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Dallas’ Bike Share Experiment Seems To Have Increased Bike Deaths

A riddle: What happens when you cram more bicyclists onto streets without bike lanes?
By  |
In their natural habitat.

If there was not enough evidence already to illustrate the disaster of Dallas’ brief experiment with share bikes, let us submit one more point. Below, courtesy of a tweet from Dr. Rob Rasmussen, a resident at UT Southwestern Medical Center, we see a spike in fatal bike crashes last year.

The chart might look slightly more daunting than it is—we are talking about a jump from about one death a year to eight. But that’s of 17 total fatalities since 2010. Not nothing.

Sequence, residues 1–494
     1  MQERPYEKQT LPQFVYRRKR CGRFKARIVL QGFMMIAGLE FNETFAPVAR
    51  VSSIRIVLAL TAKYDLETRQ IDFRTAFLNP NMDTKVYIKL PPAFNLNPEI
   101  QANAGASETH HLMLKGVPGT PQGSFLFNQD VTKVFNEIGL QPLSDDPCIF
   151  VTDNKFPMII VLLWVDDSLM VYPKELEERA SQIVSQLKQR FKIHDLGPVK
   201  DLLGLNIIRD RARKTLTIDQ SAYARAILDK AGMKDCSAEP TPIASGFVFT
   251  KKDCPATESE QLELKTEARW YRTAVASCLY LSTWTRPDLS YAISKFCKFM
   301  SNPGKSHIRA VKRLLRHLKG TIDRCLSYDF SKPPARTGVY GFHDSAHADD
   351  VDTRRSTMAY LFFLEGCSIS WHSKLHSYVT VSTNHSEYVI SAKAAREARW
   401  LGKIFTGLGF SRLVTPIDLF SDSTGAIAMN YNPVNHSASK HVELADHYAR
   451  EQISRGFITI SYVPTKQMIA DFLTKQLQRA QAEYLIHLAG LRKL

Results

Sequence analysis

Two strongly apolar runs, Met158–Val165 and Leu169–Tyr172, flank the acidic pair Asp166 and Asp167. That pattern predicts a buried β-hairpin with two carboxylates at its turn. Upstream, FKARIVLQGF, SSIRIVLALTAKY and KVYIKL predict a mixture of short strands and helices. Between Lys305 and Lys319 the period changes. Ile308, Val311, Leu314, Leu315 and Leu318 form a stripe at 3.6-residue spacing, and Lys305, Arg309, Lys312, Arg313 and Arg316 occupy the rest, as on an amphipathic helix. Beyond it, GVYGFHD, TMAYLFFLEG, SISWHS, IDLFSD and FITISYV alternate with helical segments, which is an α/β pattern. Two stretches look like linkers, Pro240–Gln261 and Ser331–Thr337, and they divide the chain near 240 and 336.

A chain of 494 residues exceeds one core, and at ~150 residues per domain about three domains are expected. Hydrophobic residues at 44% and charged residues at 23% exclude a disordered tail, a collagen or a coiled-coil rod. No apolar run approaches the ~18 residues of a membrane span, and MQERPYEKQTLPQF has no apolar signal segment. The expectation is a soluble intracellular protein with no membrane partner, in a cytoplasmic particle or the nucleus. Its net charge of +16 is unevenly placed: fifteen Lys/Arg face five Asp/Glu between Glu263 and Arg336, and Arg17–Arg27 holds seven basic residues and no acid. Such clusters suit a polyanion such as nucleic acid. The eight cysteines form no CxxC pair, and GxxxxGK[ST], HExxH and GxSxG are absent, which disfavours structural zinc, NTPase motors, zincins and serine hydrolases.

I poked around in Texas Department of Transportation data a little further and, in addition to confirming Rasmussen’s numbers, you can see the fatality spike is accompanied by a jump in the number of total injuries.

From 2010 to 2016, Dallas averaged about 117 injuries involving bike crashes. There were 140 in 2017 and 153 last year. Share bikes first landed in Dallas in the summer of 2017.

There’s a no duh aspect here, of course. When more people are on bikes, more people will get injured falling off bikes. But perhaps the city could use this data to help justify much-needed bike lanes. Dallas PD Bike Sgt. David Crowley answered Rasmussen by saying he’ll try to find an answer, or answers (I’ve reached out to get Crowley on the phone, and I’ll update here if and when I hear back). I hope he does. Bike share may be ostensibly gone—although, it’s making a comeback now, featuring motors—but many of us would like to keep scooters around. This sort of data doesn’t help.

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